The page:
COLLEGE PARK -- More than 500 University of Maryland students turned out for a glimpse of presidential politics yesterday, heard a challenge to "reach beyond self" and found themselves in the middle of a truth-in-political-advertising brawl.
Former Sen. Paul E. Tsongas of Massachusetts charged one of his opponents in the upcoming New Hampshire primary with running a "purposely misleading" political advertisement on medical insurance.
Mr. Tsongas said an ad by Sen. Bob Kerrey, D-Neb., asserts that Mr. Kerrey is the only Democratic candidate with a health care proposal. Calling that claim false and "offensive to me," Mr. Tsongas called on Mr. Kerrey to withdraw it.
"My health care plan was put together in October and he knows it. . . . He knows I've had a plan out there. To suggest otherwise is not an accident," Mr. Tsongas said.
Mr. Tsongas said he blames media consultants for convincing candidates that such tactics are necessary. Though he opposes capital punishment for most crimes, he said, he might accept for consultants and pollsters.
Mr. Kerrey's campaign in New Hampshire, asked to comment on the Tsongas charges, did not return a phone call yesterday.
Mr. Tsongas was the first presidential candidate to appear at College Park this year. Student organizers have invited the other Democratic and Republican candidates to visit before Maryland's March 3 primary.
The economy and America's sagging competitiveness in world markets dominated Mr. Tsongas' comments during his hour-long visit at Tydings Hall.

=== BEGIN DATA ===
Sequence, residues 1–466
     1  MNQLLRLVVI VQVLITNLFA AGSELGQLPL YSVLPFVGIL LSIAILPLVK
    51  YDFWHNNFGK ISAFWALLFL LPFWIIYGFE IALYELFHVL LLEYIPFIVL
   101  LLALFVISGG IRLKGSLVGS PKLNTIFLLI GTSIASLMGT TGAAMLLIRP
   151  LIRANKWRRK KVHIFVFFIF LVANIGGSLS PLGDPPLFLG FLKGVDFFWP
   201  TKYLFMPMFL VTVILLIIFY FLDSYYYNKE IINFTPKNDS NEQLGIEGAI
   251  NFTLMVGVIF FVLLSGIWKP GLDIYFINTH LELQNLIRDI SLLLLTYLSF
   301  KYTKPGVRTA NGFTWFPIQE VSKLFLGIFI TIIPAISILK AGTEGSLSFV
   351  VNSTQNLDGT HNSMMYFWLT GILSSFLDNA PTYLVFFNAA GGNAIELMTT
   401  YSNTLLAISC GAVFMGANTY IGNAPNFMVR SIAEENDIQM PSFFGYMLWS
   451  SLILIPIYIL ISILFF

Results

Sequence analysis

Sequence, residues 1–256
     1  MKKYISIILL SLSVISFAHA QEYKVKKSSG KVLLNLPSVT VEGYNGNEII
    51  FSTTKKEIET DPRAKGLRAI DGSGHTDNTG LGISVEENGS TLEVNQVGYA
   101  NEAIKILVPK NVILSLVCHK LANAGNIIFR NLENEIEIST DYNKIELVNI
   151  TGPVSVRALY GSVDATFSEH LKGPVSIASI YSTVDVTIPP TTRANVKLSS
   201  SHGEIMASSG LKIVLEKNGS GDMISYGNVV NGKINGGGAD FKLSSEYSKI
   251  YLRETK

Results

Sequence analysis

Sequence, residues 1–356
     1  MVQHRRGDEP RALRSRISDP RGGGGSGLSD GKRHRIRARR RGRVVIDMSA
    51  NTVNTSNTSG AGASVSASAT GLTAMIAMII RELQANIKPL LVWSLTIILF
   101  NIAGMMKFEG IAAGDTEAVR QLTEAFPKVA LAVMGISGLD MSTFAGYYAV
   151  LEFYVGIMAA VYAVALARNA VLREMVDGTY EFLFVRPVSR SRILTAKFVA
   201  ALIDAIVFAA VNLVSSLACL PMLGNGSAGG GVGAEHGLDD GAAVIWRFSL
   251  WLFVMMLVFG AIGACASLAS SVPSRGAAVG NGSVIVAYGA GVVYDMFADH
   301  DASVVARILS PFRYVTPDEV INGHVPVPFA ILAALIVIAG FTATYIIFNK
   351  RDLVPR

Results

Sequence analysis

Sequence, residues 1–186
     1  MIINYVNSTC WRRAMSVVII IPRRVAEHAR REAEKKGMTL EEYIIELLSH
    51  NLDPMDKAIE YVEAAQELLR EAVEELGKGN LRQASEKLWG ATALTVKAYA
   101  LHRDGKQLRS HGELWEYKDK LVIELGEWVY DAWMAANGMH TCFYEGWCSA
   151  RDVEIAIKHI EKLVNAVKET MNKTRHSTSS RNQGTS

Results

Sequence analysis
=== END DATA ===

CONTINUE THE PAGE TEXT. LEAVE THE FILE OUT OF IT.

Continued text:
Several members of the audience said college students are apprehensive about America's economic future and are open to the ideas of candidates everywhere on the political spectrum.
"With the recession and the problems we're having, it's hitting students that politics matter to them," said Theodore Hallas, 20, the student coordinator for Mr. Tsongas.
"A lot of people here have the idea that if they vote for a Democrat, they're voting to have their money wasted," said Mike Tracton, 19, of Fort Washington, an officer of the campus Young Democrats. Their parents, he said, brought them up to distrust Democrats.
Matya Bock, 20, of Baltimore, said she was struck by the difference between Mr. Tsongas and President Bush on the question of who won the Cold War. Mr. Bush said America won. Mr. Tsongas said Japan, Germany and Taiwan won.
Ruth Zerwitz, 21, whose family lives in Pikesville described the campus as "extremely political," though not cleaving to any particular ideology. "There are very strong views on both sides, Republican and Democratic," she said. A college campus, she said, can offer the best or worst vantage points for the voter who wants to be well-informed.
Mr. Tsongas said his kind of Democrat is "pro-economic growth," and he chided his Democratic colleagues for failing to understand basic economic principles.
"What the Democrats don't understand," he said, "is that you have to grow the economy before you can distribute the wealth."
He was also critical of his party for joining with President Bush to urge an election year tax cut for the middle class.
Addressing the students directly, he told them to dedicate their lives to something more than pursuit of a BMW automobile.
"Life is not a beer commercial," he said. "We're alive. Life has to have purpose. We want to be able to look back and say, not that I did well but that I did good."